1. Nature and Circumstances of the Offense
Defendant pled guilty to the offense of Conspiracy to Distribute Oxycodone, in violation of 21 U.S.C. §§ 846 and 841(b)(1)(C). Plea Agreement at 1. According to the Presentence Investigation Report ("PSR"), ECF No. 127, Defendant and his co-defendants are responsible for distributing over 150 grams of oxycodone between January 2008 and October 2011. PSR ¶¶ 12, 14. During much of the time Defendant participated in the distribution ring, he was incarcerated in federal prison for a probation violation. Id. ¶ 4. Defendant had almost daily communications with his sister and co-defendant, Loriann Moskowitz, about the distribution ring. Id. ¶ 5. The DEA obtained prison telephone records demonstrating Defendant's involvement and leadership role in the distribution ring. Id. ¶¶ 3, 5, 7, 10.
2. History and Characteristics of the Defendant
Defendant was born on December 12, 1980 on Staten Island, New York. Id. ¶ 42. He is one of four children born from the marriage of Stanley and Phyllis (nee Tortorice) Moskowitz, id., and was reared in an upper-middle-income household on Staten Island, id. ¶ 45. He reported a childhood free from any major hardships, financial or otherwise, and a good, close relationship with both parents and siblings. Id. Defendant described his childhood as "regular," and "fun," and stated the family was very close, including extended family. Id. His parents presently live in New Jersey approximately forty miles from FCI Fort Dix, where Defendant is currently incarcerated. Def.'s Reply to Gov't Resp. at 1, ECF No. 202 ("Def. Reply"). Defendant's father is a retired auditor for a labor union, suffers from diabetes, high blood pressure, and had a heart attack in 2006. PSR ¶ 42. Defendant's mother is retired from the New York City Department of Education, and suffers from a form of Multiple Sclerosis. Id. Defendant's father and two siblings were co-defendants in the instant offense. Id. ¶¶ 42, 44.
Defendant suffers from Scimitar's Syndrome, a birth defect which caused him to be born with an undeveloped right lung due to his heart shifting to his right side during prenatal development. Id. ¶ 49; Def. Mot. at 1. As a result, Defendant lives with one functional lung. Def. Mot. at 1. This causes heavy breathing and frequent shortness of breath. PSR ¶ 49. His medical conditions increases the severity of infections and makes infections more difficult to ward off. Def. Mot. at 1. Defendant is therefore at an increased risk of severe illness resulting from COVID-19 infection. Groups at Higher Risk for Severe Illness, Ctr. for Disease Control and Prevention, https://www.cdc.gov/coronavirus/2019-ncov/need-extra-precautions/groups-at-higher-risk.html (last accessed May 4, 2020).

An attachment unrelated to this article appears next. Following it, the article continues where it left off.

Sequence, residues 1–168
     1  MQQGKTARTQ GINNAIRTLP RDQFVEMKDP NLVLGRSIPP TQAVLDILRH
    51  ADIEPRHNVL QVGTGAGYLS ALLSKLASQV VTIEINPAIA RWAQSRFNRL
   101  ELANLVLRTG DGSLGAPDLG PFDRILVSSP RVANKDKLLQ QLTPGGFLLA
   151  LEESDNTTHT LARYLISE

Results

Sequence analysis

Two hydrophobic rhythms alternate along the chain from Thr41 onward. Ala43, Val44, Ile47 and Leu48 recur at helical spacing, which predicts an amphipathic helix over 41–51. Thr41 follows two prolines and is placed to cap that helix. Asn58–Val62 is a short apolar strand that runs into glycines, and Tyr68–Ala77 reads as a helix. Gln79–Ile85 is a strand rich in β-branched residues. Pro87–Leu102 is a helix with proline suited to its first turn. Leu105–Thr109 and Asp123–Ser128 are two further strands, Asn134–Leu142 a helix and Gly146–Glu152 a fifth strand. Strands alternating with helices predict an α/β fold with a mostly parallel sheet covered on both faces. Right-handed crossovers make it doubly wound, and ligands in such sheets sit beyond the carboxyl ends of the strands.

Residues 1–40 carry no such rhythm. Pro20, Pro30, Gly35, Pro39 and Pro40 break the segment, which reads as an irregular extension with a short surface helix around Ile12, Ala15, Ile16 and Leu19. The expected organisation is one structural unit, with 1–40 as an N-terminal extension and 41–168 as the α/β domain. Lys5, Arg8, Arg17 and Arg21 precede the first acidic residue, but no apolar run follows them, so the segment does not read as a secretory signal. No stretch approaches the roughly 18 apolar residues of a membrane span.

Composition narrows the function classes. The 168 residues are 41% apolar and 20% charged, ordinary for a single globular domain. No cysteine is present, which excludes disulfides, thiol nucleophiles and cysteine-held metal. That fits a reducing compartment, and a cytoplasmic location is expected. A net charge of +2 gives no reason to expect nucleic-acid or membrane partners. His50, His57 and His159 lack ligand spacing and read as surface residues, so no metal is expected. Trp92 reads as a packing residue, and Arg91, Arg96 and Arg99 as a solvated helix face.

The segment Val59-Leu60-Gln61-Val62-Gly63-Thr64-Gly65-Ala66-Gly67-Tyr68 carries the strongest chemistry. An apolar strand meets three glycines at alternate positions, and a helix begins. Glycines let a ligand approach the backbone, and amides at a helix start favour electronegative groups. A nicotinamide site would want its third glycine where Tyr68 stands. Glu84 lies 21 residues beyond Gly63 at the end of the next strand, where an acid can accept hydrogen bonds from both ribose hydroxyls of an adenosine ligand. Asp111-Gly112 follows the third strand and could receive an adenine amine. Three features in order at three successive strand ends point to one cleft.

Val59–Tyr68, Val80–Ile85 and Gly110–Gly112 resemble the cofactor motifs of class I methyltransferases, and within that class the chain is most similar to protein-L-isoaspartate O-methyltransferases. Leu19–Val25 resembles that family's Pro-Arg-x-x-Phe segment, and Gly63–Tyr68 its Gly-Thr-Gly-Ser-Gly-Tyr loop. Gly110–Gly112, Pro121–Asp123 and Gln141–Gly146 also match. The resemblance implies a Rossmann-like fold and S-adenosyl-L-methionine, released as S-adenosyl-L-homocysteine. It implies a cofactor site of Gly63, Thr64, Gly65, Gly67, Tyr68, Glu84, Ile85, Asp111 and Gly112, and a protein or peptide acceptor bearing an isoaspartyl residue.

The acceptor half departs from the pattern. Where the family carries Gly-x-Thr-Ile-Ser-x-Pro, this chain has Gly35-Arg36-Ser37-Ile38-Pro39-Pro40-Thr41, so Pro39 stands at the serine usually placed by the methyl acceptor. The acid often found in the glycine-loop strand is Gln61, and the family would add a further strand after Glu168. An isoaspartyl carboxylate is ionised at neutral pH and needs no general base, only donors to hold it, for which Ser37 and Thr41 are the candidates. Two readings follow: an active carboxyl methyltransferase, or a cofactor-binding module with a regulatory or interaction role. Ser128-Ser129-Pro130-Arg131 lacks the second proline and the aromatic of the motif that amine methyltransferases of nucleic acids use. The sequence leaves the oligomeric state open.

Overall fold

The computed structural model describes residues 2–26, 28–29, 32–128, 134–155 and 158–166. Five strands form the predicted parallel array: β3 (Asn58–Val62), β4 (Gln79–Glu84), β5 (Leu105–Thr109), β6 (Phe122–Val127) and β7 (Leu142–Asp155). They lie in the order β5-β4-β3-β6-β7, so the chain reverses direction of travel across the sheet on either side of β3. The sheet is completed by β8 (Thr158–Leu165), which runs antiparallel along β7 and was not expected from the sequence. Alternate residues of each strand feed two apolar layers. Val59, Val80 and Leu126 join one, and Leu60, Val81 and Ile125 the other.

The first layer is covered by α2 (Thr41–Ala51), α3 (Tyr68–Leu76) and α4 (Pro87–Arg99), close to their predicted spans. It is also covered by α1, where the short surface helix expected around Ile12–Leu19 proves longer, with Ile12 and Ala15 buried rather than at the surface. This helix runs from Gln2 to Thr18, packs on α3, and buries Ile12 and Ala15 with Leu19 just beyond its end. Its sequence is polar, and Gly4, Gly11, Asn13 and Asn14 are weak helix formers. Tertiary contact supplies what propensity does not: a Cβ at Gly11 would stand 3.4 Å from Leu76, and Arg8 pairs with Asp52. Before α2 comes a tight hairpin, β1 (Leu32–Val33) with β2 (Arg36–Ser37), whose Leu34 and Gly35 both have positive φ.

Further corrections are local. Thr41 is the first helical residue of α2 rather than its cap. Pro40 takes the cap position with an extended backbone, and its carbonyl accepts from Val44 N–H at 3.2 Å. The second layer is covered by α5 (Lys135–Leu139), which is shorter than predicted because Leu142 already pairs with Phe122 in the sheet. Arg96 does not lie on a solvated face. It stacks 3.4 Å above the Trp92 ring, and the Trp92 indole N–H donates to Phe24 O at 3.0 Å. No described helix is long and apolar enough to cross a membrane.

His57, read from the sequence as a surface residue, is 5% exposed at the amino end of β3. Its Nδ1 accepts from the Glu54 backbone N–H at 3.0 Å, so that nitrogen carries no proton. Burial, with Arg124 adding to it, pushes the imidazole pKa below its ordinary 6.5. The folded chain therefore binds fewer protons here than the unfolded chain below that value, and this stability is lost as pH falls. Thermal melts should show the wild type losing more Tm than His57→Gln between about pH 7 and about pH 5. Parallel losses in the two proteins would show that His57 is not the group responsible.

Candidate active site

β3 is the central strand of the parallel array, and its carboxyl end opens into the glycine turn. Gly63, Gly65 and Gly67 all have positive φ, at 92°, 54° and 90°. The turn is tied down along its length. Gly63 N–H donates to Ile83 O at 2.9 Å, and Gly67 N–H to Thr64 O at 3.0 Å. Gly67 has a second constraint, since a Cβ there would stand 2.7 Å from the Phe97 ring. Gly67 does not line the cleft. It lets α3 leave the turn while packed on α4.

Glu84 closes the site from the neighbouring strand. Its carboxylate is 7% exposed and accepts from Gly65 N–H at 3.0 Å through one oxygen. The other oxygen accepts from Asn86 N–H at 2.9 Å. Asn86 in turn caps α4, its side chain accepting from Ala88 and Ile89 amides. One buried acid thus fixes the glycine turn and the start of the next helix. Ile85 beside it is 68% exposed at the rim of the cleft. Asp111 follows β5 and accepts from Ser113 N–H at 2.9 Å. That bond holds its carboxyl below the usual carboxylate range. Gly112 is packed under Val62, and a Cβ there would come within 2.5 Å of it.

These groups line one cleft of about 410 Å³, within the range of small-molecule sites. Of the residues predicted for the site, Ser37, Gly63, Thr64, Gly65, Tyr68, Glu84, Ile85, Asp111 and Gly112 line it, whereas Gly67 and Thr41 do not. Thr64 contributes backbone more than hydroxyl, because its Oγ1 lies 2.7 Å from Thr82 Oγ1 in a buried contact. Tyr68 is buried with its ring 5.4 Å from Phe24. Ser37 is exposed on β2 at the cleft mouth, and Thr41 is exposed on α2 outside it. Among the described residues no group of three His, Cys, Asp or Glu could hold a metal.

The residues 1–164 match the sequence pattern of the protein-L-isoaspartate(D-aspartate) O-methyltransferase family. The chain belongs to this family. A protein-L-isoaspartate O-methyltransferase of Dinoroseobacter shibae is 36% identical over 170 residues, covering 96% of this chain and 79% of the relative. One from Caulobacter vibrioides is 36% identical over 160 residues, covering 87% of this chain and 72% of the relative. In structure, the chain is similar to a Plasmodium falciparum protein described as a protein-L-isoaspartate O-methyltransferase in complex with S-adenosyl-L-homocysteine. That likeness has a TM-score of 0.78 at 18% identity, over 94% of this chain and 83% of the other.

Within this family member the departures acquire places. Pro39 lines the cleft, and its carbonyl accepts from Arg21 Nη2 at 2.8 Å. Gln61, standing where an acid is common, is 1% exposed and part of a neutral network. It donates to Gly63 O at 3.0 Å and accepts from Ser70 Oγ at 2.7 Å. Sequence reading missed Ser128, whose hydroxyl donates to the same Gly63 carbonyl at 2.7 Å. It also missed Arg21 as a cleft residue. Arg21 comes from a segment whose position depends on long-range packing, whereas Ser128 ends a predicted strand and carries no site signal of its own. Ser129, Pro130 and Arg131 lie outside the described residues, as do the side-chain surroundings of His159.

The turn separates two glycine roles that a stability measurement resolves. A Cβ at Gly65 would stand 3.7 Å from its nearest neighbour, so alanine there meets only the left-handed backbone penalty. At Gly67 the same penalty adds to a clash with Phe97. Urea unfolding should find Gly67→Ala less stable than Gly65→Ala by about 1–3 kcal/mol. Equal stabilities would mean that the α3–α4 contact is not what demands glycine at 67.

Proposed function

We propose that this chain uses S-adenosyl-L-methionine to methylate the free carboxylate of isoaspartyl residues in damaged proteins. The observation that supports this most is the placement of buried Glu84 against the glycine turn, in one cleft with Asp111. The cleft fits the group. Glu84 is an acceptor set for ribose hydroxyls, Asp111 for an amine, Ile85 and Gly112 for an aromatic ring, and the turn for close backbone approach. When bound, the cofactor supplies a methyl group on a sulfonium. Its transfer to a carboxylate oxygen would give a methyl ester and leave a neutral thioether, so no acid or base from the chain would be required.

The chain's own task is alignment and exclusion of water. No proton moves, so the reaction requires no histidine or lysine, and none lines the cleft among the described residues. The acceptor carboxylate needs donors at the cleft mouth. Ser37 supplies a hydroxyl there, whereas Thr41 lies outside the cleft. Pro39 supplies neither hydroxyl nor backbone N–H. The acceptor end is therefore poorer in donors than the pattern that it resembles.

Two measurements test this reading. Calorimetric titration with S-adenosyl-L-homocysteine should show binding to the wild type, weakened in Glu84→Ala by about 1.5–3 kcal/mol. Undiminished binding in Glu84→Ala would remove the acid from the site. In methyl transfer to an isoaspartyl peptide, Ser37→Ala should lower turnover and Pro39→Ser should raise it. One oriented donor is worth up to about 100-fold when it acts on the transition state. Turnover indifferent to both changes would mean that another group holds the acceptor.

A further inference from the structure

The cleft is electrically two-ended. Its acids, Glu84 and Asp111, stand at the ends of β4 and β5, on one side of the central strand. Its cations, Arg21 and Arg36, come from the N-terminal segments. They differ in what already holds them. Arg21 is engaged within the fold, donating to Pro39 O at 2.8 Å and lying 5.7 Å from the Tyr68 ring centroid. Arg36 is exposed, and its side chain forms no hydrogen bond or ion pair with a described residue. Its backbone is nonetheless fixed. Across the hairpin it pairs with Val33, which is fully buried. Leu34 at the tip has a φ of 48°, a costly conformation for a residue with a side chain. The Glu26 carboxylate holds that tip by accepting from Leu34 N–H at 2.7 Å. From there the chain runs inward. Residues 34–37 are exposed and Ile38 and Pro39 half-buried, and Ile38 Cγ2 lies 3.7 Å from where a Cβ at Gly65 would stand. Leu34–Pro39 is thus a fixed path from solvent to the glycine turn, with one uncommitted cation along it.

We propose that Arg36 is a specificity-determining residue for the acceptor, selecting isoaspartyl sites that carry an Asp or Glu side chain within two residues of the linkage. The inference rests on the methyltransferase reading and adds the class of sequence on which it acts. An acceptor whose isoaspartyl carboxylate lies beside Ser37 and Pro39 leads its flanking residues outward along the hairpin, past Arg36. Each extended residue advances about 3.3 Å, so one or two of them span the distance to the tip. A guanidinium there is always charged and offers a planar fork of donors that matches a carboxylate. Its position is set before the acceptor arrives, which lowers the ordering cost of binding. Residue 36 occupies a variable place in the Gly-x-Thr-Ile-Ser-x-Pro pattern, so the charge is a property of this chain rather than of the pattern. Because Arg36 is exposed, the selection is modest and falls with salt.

B. The Need for the Sentence Imposed
The second § 3553(a) factor instructs the Court to consider "the need for the sentence imposed (A) to reflect the seriousness of the offense, to promote respect for the law, and to provide just punishment for the offense; (B) to afford adequate deterrence to criminal conduct; (C) to protect the public from further crimes of the defendant; and (D) to provide the defendant with needed educational or vocational training, medical care, or other correctional treatment in the most effective manner." 18 U.S.C. § 3553(a)(2).
The Court's sentence recognizes the seriousness of Defendant's offense and punishes Defendant accordingly. It seeks to deter Defendant from further criminal activity, from disregarding U.S. law, and from engaging in illicit activity. The Court also recognizes the significant period of incarceration Defendant has already served for the instant offense.
C. The Kinds of Sentences Available
The third § 3553(a) factor requires the Court to detail "the kinds of sentences available" for Defendant. 18 U.S.C. § 3553(a)(3).
Defendant pled guilty to Count One of the Superseding Indictment, which charged Defendant with Conspiracy to Distribute Oxycodone, in violation of 21 U.S.C. §§ 846 and 841(b)(1)(C). Plea Agreement at 1. By statute, Defendant faces a maximum term of imprisonment of thirty years. 21 U.S.C. § 841(b)(1)(C). Defendant also faces a minimum term of supervised release of six years, id.; a maximum fine of $2,000,000.00, id.; and a mandatory special assessment of $100.00, 18 U.S.C. § 3013. The Court may also order restitution. Id. § 3663(a)(1)(A).
D. The Kinds of Sentence and the Sentencing Range Established for Defendant's Offenses